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12-12-2015 12:18 PM
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Vapegod Offline
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Post: #4
RE: Help with Juice mixing.
I do I just wanted to try and come up with my own personal concoction for my own unique vape. 
12-12-2015 01:03 PM
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gentlydoingit* (12-12-2015)
Don Offline
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Post: #5
RE: Help with Juice mixing.
You can do that - just that you use known safe to vape flavourings.

That bit is fun!

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12-12-2015 01:59 PM
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gentlydoingit* Offline
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Post: #6
RE: Help with Juice mixing.
Fully plagiarist, thieving, down right dirty copy n paste here.. Smile all of this as far as I can tell relates to flavour concentrate, the safety of vaping the flavour is another matter.. And somthing I haven't found to copy n paste yet Tongue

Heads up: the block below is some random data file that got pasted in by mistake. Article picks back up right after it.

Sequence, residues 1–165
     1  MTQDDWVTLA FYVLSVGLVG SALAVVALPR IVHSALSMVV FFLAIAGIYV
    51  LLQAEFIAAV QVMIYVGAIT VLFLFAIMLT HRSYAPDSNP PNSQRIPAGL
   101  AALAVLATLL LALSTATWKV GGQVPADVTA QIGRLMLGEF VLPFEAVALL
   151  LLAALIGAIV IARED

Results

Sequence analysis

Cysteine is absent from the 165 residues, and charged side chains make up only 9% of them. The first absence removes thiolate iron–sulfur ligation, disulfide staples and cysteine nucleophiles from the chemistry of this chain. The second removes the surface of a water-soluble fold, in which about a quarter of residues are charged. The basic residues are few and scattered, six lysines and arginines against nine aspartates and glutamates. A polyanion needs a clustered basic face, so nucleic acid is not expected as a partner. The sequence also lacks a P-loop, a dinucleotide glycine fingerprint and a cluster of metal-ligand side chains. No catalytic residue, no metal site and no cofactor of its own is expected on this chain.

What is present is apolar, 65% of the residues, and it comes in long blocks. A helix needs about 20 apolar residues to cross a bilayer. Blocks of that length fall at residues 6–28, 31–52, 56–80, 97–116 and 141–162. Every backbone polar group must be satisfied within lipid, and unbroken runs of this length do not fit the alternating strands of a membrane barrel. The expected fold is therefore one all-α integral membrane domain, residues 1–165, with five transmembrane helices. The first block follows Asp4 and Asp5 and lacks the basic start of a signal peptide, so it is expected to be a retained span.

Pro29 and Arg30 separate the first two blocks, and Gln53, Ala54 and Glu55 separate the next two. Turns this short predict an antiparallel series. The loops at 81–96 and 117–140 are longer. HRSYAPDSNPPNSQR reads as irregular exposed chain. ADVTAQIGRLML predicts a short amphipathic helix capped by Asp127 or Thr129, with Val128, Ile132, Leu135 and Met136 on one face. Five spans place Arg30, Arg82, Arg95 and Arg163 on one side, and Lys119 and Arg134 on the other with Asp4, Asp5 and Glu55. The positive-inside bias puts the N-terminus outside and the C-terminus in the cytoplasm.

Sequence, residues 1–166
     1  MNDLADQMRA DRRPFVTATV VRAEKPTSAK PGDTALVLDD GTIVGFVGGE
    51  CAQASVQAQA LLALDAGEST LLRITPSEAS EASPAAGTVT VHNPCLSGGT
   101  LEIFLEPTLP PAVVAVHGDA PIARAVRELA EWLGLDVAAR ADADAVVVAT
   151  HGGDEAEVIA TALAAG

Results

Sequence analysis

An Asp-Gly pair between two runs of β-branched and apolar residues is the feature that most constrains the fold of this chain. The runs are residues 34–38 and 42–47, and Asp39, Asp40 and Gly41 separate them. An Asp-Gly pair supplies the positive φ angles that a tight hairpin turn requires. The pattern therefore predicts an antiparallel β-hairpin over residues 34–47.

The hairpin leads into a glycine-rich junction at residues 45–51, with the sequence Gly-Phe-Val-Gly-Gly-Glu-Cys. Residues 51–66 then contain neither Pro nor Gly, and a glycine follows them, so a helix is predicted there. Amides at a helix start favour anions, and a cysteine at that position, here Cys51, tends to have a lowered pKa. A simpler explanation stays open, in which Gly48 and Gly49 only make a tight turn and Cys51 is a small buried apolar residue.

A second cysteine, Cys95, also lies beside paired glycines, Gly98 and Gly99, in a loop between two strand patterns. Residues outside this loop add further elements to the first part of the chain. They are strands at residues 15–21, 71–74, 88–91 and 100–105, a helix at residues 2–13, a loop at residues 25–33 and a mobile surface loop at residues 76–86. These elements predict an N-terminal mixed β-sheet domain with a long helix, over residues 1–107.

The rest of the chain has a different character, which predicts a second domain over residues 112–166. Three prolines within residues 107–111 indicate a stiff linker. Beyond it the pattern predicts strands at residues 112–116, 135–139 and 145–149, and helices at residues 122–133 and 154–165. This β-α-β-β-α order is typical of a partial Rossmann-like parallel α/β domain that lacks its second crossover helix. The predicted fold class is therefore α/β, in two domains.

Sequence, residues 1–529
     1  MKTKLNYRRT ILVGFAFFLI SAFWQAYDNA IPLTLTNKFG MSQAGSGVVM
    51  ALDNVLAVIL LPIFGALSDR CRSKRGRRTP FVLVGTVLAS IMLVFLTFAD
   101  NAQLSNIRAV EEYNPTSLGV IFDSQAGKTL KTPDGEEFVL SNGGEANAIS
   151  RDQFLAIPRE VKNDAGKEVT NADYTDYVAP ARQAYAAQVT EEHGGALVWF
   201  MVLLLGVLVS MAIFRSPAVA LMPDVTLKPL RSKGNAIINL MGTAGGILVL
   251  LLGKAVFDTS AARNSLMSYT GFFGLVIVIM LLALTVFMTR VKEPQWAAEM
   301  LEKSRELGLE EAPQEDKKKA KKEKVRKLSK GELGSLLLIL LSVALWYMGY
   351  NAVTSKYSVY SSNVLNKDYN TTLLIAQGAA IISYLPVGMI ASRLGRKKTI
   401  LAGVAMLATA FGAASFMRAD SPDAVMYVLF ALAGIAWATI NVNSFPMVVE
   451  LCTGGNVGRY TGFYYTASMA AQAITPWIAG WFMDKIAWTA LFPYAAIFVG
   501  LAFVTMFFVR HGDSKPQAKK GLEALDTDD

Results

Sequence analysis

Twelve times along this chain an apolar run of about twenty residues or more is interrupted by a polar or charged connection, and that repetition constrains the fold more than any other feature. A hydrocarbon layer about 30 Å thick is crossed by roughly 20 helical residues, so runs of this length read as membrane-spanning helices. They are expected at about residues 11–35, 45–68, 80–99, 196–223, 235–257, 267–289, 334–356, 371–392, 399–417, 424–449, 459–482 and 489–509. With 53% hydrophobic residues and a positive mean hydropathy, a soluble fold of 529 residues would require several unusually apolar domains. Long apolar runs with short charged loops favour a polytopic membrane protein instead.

"When making a flavor, the flavorist always begins by going to the scientific literature and researching what chemicals nature uses to make the desired flavor. 
He then selects from the list of flavor components found in, say, real apples, generally simplifying nature list to eliminate those chemicals that make little 
contribution to taste or are not permitted owing to toxicity. "

The 'scientific literature' lists all of the chemicals in a particular product, such as a Banana. In Europe the EFSA, European Food Safety Authority, is responsible 
for deciding which ingredients are safe for consumption. 

Another method, but far more time-consuming and expensive, is to analyse whatever you wish to recreate using Gas Chromatography, Mass Spectometry, 
and even HPLC–SPE–NMR, High Performance Liquid Chromatography–Solid Phase Extraction–Nuclear Magnetic Resonance, althought the latter is probably only
really seen in huge industries where the anaysis of molecules is critical, such as for pharmaceutical applications or creating polymers (plastics).